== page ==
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Senate Democrats defeat Republican border amendments, set up war funds' passage

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By Paul Kane
Washington Post Staff Writer
Thursday, May 27, 2010; 4:11 PM

Senate Democrats defeated a string of Republican amendments Thursday designed to tighten security on the Mexican border, setting up final passage of a nearly $60 billion spending bill that will fund President Obama's troop surge into Afghanistan.

With 69 votes of support, the Senate cut off debate on the overall legislation. More than half the money in the bill will fund the infusion of 30,000 troops into Afghanistan, and $5 billion will go toward a disaster relief fund. A final vote on the legislation could come Thursday evening.

Most lawmakers support the war funds. The most heated political issue in the debate has been Mexican border security after GOP complaints about mounting violence related to the smuggling of illegal immigrants, drugs and weapons. Democrats, who favor a new security proposal from Obama, turned back each Republican amendment, including an effort by Sen. John McCain (R-Ariz.) to put 6,000 more security troops on the border.

The McCain measure, which needed 60 votes for approval, fell short on a 51 to 46 vote. He attracted the support of 12 Democrats, including several up for re-election in November: Sens. Michael Bennet (Colo.), Barbara Boxer (Calif.) and Blanche Lincoln (Ark.).

Obama's former presidential rival said that his state -- which enacted the nation's toughest law against illegal immigrants and set off a renewed national debate on the issue -- would require 3,000 of the security forces.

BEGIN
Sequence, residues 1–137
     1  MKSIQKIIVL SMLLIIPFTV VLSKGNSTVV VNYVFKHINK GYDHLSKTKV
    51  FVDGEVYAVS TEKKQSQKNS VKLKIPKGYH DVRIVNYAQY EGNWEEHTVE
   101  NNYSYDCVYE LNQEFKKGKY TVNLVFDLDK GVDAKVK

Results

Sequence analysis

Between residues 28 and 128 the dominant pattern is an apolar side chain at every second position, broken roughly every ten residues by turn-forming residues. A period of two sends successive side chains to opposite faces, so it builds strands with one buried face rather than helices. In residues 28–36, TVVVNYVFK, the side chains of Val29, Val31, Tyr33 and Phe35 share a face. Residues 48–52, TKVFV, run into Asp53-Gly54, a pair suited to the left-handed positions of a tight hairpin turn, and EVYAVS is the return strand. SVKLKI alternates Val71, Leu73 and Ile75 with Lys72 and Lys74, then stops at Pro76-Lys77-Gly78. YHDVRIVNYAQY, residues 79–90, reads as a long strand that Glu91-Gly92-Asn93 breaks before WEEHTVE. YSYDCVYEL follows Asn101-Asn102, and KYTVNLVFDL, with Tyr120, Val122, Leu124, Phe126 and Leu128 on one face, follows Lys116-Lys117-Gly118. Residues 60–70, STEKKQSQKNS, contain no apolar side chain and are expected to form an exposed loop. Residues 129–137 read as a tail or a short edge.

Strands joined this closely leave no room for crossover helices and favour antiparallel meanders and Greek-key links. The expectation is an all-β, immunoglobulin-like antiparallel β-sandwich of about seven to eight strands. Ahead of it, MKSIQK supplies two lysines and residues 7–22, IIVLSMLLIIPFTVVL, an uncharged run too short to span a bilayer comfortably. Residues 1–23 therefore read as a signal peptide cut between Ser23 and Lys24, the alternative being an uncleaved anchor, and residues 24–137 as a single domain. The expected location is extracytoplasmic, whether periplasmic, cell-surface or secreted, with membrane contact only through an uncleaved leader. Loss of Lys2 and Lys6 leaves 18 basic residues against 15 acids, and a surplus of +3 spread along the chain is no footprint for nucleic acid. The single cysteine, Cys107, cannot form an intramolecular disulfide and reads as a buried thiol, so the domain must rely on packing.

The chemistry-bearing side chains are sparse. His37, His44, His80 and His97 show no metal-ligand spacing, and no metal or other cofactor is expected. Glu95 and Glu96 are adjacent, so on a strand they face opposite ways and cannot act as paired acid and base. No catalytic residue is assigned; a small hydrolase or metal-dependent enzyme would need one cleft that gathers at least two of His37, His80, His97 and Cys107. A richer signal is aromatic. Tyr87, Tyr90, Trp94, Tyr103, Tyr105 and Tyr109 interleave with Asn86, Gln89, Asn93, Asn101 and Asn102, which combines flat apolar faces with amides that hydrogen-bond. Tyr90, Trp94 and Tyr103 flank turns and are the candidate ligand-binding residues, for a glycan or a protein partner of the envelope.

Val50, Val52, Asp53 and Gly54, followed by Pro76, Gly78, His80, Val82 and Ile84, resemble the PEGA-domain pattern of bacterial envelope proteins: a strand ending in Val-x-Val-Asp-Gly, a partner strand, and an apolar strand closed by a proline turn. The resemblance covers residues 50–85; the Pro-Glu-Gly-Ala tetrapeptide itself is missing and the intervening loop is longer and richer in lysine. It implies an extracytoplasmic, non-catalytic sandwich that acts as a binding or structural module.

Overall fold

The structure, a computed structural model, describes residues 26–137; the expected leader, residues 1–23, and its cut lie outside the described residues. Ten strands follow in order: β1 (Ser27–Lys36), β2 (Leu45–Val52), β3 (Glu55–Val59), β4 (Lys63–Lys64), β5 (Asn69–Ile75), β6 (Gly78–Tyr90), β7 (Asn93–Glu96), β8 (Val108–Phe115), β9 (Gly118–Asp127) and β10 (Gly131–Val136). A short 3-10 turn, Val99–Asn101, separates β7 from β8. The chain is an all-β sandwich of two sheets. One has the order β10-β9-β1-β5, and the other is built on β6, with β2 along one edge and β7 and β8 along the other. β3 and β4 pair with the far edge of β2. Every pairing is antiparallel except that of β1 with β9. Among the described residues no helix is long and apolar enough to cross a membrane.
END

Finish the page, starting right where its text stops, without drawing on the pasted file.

Sensing the shifting political ground, Obama proposed a plan Tuesday that would increase funding by $500 million and temporarily send 1,200 members of the National Guard to the border to help shore up the Border Patrol. Republicans rejected Obama's effort as insufficient to deal with something they say is a national crisis.

"While it's important to have additional resources there, even on a temporary basis, even on a limited basis, there's a whole lot more that we need to do. We need permanent solutions, not temporary solutions," Sen. John Cornyn (Tex.), a member of GOP leadership and co-sponsor of McCain's amendment, told reporters Wednesday.

Most Democrats rejected the GOP offer of 6,000 more troops as unnecessary given the latest Obama proposal. "It's sort of throwing an enormous amount of money at the problem that is not as carefully thought out, not as targeted and as effective, quite frankly, as President Obama's plan," Sen. Charles Schumer (D-N.Y.) said moments before the vote.

Sen. Robert Menendez (D-N.J.), the chamber's lone Latino senator, criticized the McCain plan as "militarizing the border" and the "definition of insanity" because it continued the previous efforts at building up a troop presence when a more compehensive solution is needed for immigration problems.

Democrats then also withstood a pair of other GOP border-security amendments, including Cornyn's effort to quadruple Obama's new border proposal with $2 billion in funding. Sen. Jon Kyl (R-Ariz.) proposed increased funding for a Justice Department program dealing with illegal immigration.

The Kyl and Cornyn amendments each received 54 votes, including 13 Democrats for each. The vulnerable Democrats voted with Republicans on those amendments as well, a potential sign of how some lawmakers up for reelection this fall feel a need to push for enhanced border security as a precondition to broader immigration reform.

"If they are strong on the border, it allows them to do a comprehensive bill," said Menendez, chairman of the Democratic Senatorial Campaign Committee.

Feelings toward Obama remained publicly raw after his Tuesday visit to the Senate Republican Conference, a 75-minute, closed-door huddle that provoked agitated Republicans to complain to reporters afterward about the president's efforts at bipartisanship. In particular, McCain made note Wednesday during a speech on the Senate floor, that Obama's aides announced his new border plan 30 minutes after he left the GOP meeting and yet did not tell the senators what he was about to do.

"You've got to laugh, in the spirit of bipartisanship," McCain said.


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